In that moment, a lot of work gets done. But, there really is no “doing”. There is an effortless flow of energy in, energy out, a dance of simplicity.
The Economics of Service
A big part of Tsering’s life is connecting with the trekkers who make it that far up to Dok River Canyon. For those who make it, Tsering’s house is the first they encounter. And what they encounter is the legendary hospitality of Ladakhi villagers.
On my first day there, two people came in – a woman from England and a local Ladakhi guide. The woman was a professional tour guide and experienced trekker, having just climbed Mt. Kilimanjaro in East Africa a few months earlier. And SHE said that she was wiped out… that the Path to Hunder-Dok had taken all of her energy. (Made me feel less like a wimp!) She stayed for several hours, while Tsering watered, fed, tea’d and otherwise made us feel like long-lost friends, returning home.
Tsering’s main concern throughout the day was making sure that
her guests had enough. More milk tea? More butter tea? More food? She came across me on one of the paths, sitting on a rock. She went back to the house to get a pad for me to sit on. (I assured her, through words and pantomime, that I carried plenty of internal padding for a stone. She looked skeptical…)
She does this, not because it makes her MONEY, but because it makes her HAPPY. This is the “Economics of Happiness” in action.
Do people abuse her generosity? Of course they do. Does it matter to her? Why should it? Rain falls on the good and on the unjust. And Tsering is like the rain…
The Economics of Love
I think it’s safe to say that Tsering Dolma’s actions are motivated by METTA, the notion of loving-kindness. She loves us, and that love takes the form of caring for us, even though we are total strangers.
Is feeding a stranger or tending to their needs a form of “love”? Jesus thought so, and so do I. In our culture, we tend to give out hugs and warm fuzzies, but skip the parts about meeting basic needs.
At one point, Tsering was talking to her daughter, with a sad look on her face. Stanzin said, “My mother doesn’t think you are eating well enough.” In the morning, either mother or son bring me
“morning tea”, followed by breakfast: thick, heavy barley cakes, with either yogurt, curried vegetables, or butter and jam. With more tea.
The barley cakes and yogurt are so rich, I can only eat one of them – hence her concern. “My mother eats four of them every morning.” (I wonder where she packs them on her thin, not quite 5 foot tall frame!)
The next morning, I manage to eat one and a half cakes. She seems happier.
Is feeding someone an act of love? You bet it is. It’s a demonstration of love and caring that I didn’t understand from my own mother until I was an adult.
So, thank you Tsering Dolma. And, thank you, Mom.
At one point, Tsering picked up the aluminum trekking poles where her guests had laid them, turning them over, balancing them, tried walking with them, all with a frown of concentration. Then, she picked up the hat of one of the trekkers, put it on top of the poles, and started moving them back and forth, like someone turning their head. Her own personal puppet theater. Her entire face lights up in a big grin – this is the funniest thing she’d seen in a long time. It was a precious, innocent, and sweet moment. (Sorry, folks – I couldn’t get my camera out fast enough.)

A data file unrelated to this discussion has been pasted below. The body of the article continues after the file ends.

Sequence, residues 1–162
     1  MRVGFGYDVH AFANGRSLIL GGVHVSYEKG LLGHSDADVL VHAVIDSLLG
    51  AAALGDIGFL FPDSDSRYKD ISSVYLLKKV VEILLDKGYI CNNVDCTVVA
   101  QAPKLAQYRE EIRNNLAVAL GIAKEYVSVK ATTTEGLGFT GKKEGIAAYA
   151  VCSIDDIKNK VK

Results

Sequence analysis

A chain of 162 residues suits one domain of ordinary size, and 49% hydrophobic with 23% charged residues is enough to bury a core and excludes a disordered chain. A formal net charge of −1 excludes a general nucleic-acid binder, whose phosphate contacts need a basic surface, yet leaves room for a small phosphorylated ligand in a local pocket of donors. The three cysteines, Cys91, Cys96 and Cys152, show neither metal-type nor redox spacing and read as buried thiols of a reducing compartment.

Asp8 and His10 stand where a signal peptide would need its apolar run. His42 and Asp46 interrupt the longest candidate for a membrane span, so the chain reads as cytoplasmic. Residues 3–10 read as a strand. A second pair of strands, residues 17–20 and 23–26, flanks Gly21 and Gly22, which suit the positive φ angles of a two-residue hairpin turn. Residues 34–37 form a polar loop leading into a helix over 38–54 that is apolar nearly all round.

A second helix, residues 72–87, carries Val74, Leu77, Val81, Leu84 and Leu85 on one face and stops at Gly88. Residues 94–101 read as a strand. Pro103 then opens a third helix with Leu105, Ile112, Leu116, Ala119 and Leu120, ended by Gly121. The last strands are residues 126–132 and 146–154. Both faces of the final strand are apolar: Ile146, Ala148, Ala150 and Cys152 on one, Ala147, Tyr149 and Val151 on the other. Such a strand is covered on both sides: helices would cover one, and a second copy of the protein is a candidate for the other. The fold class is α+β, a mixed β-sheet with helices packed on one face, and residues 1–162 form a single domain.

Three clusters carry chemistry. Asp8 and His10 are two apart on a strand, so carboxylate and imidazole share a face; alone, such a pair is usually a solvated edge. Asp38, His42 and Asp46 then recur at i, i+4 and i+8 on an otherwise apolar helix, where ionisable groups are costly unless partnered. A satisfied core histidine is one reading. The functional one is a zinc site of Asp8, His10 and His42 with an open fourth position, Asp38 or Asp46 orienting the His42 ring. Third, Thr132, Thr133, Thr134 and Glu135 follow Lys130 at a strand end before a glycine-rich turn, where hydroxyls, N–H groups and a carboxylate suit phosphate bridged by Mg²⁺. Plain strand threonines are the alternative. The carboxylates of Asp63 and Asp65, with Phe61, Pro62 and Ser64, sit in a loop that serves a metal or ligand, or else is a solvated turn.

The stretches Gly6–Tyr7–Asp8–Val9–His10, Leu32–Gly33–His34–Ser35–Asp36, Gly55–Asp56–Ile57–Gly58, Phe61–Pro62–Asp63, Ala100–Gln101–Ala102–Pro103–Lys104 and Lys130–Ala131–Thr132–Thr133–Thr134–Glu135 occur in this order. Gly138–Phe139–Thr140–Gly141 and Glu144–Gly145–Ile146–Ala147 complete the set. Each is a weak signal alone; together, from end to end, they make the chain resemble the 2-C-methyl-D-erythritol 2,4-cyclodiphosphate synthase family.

Tsering is as hard as nails, but with a sense of wonder and presence that is child-like (but not child-ish). Whether watching me brush my teeth in the morning, seemingly fascinated by my multi-colored toothbrush holder (at the stream – no privacy), or watching the trekker fill up her “camel-back” drinking pouch with water, it was always accompanied by “Oh! Ah! Aha!”
What “The Economics of Happiness” Really Means
I started out saying that Tsering Dolma is “poor”, according to the United Nations. They measure things in terms of money.
Tsering Dolma doesn’t need money. At least, not much.
Six of her seven children send her money when she needs it – which isn’t often. (Her seventh child lives right on the property with her and helps her every day.)
Her children have offered to pool their resources and get her a place in the city of Leh. She rejects the notion. “I love this place. Besides, who would feed the guests who come here?” And, she says with finality, “I will die right here.”
She equally rejects operating her homestead for a profit, charging the trekkers for water, food and accommodation. “If they give something, that’s okay. But, if I charge, how can I accumulate merit for being generous to strangers?”
Yes, that’s right. Ms. “Less-Than-Two-Dollars-a-Day” Tsering Dolma has SO MUCH, her main focus is in how much she can GIVE. She is the very definition of wealth.
This, to me, is the essence of “The Economics of Happiness”.
May All Beings be WELL
May All Beings be SECURE
May All Beings be HAPPY.